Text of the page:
Line of Duty, season 6 episode 7 review: the mystery is solved – and he fooled us all

Finally, the mystery is solved. And if you guessed it right, you deserve a Ted Hastings commemorative mug. For six long series, we’ve been looking for a criminal mastermind, the puppet master who has controlled a vast network of corrupt police officers. And when the big reveal came, I’d have been less surprised if it turned out to be Ted’s wee donkey. Dept Supt Ian Buckells, the blundering fool, had conned us all.

The lead-up to this moment involved misdirection (was it going to be Fairbank?) and a prison van ambush (yep, another one, though this had a good twist) and then a masterful sequence in which our man was led into the interview room. We glimpsed him walking by in handcuffs, we saw the back of his prison uniform, we waited for Steve Arnott to type his name. And then surely the longest beep from the DIR (digital interview recorder, but you probably know that by now). It was genuine edge-of-the-seat stuff.

Nigel Boyle as Buckells has been the stand-out performer of this series, and in this interview he was terrific. There was a great moment in which his expression changed, from looking dumb to looking smug: “I’m a blundering fool? I’m only the one who’s made total mugs out of you lot.” Of course, he didn’t get the upper hand. As Ted Hastings told him, in a line that Adrian Dunbar delivered with relish: “No one makes mugs of AC-12.”

But did this finale leave behind a nagging feeling that writer Jed Mercurio had made mugs of the viewers? There was no H. Buckells was no kingpin. Instead, he was just the last man standing from a motley collection of middle-ranking detectives, and his motivation turned out to be a nice gaff in the country and a timeshare in Gran Canaria.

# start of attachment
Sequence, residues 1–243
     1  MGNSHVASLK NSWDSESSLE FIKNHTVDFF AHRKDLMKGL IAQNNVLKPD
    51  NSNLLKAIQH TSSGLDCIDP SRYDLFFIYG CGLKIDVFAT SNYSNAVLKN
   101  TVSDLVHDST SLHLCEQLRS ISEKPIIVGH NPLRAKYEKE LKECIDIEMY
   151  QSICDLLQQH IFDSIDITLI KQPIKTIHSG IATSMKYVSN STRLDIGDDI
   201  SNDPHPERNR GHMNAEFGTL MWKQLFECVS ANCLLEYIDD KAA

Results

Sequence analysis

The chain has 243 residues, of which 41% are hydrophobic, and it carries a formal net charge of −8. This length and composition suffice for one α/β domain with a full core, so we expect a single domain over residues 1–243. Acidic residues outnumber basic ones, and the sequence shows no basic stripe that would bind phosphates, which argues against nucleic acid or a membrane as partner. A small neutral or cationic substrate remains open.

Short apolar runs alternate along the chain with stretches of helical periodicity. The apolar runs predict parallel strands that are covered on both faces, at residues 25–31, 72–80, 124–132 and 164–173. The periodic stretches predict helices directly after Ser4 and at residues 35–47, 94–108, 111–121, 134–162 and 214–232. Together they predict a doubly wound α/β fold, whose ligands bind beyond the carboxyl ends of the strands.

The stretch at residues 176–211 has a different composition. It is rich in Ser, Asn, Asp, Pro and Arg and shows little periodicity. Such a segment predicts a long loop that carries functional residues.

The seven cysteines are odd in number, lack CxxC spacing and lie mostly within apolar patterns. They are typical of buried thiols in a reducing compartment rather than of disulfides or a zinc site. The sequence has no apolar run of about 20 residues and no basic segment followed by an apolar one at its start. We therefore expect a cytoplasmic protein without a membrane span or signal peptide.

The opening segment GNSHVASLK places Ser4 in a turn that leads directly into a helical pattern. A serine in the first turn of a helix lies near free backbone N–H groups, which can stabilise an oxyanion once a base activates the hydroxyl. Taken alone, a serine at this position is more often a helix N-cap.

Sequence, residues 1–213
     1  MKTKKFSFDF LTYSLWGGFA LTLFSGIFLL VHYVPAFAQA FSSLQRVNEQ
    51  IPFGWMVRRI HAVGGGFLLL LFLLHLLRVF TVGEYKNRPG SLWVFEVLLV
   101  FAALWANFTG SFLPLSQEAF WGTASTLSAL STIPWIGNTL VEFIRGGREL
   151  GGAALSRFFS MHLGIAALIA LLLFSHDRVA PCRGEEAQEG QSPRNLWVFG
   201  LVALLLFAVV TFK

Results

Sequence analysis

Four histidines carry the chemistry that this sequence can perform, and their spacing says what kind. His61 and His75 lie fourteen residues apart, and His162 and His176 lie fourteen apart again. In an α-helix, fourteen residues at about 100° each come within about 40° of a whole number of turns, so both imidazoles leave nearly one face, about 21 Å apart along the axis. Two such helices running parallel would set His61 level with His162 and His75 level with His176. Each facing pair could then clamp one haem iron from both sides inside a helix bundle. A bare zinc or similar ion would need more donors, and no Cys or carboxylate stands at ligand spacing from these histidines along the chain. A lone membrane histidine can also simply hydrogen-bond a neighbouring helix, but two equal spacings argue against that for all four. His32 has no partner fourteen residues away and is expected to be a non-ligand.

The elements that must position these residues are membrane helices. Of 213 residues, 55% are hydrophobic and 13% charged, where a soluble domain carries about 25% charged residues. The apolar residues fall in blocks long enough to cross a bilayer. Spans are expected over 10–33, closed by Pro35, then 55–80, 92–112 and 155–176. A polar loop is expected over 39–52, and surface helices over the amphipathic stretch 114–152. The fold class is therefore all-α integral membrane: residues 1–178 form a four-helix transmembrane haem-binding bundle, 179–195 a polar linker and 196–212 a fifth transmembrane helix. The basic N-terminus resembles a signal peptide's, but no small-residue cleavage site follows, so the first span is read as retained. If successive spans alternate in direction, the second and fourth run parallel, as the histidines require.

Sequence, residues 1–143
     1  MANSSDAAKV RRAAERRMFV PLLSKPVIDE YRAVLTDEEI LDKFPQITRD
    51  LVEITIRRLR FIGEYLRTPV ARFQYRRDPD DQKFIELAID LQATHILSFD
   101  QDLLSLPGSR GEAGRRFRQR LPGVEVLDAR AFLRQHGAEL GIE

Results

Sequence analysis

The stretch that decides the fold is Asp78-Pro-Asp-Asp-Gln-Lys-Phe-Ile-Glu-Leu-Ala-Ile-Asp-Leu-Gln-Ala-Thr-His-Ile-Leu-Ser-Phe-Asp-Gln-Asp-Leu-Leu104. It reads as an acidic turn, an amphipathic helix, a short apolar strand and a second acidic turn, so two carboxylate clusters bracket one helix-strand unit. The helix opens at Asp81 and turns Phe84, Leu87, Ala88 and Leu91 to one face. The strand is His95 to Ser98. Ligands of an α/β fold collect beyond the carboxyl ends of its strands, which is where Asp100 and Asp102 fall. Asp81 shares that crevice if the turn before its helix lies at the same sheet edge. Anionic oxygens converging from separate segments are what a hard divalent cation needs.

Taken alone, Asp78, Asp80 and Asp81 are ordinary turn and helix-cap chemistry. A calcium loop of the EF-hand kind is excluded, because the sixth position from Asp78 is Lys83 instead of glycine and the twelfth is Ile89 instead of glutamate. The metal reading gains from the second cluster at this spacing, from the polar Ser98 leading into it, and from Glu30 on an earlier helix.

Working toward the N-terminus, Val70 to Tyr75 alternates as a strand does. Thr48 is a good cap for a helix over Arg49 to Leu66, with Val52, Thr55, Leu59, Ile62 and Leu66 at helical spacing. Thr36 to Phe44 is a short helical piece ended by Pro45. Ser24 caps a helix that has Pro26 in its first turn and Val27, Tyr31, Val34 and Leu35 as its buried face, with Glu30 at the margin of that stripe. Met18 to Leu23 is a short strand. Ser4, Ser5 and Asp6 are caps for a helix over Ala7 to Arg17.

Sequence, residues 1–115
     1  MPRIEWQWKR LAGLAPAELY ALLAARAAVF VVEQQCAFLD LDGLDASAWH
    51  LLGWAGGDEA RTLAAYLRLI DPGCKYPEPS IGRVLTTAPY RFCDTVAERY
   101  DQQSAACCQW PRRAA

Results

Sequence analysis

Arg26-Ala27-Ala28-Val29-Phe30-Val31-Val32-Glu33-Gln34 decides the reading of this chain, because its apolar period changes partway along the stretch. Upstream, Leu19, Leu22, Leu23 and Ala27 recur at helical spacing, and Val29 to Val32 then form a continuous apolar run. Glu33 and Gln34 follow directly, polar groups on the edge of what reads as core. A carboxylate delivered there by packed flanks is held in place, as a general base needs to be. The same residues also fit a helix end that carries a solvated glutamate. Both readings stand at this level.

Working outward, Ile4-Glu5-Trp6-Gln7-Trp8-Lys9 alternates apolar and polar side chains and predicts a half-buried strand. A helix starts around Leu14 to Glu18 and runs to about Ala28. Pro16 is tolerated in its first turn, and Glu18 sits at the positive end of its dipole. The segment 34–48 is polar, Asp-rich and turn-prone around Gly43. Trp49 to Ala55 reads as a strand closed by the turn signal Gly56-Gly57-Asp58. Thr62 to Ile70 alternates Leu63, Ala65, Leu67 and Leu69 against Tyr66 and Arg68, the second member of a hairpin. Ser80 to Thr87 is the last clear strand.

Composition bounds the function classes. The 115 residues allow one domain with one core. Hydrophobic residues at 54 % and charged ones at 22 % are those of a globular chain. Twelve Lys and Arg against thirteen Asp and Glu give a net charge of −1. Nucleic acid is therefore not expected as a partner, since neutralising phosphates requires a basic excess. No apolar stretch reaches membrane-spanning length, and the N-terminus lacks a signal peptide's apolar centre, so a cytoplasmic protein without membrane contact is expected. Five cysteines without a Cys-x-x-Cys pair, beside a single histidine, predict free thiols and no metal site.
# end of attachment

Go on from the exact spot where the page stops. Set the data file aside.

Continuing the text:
The 10 minutes that followed Buckells’s unmasking felt drained of energy. Ted confessed his wrongdoing to Patricia Carmichael (Anna Maxwell Martin, who has perfected the art of acting this role with just a twitch of the eye and a pursing of the lips). There was some business with the man from Occupational Health, who seemed to be a tougher interviewer than anyone from AC-12. And Chief Constable Osborne on TV again, lying through his teeth about the absence of institutionalised corruption and praising a breakthrough in the Gail Vella case. A word here for Andi Osho, who played Vella, and thus had a pivotal role while unfortunately being dead all the way through.

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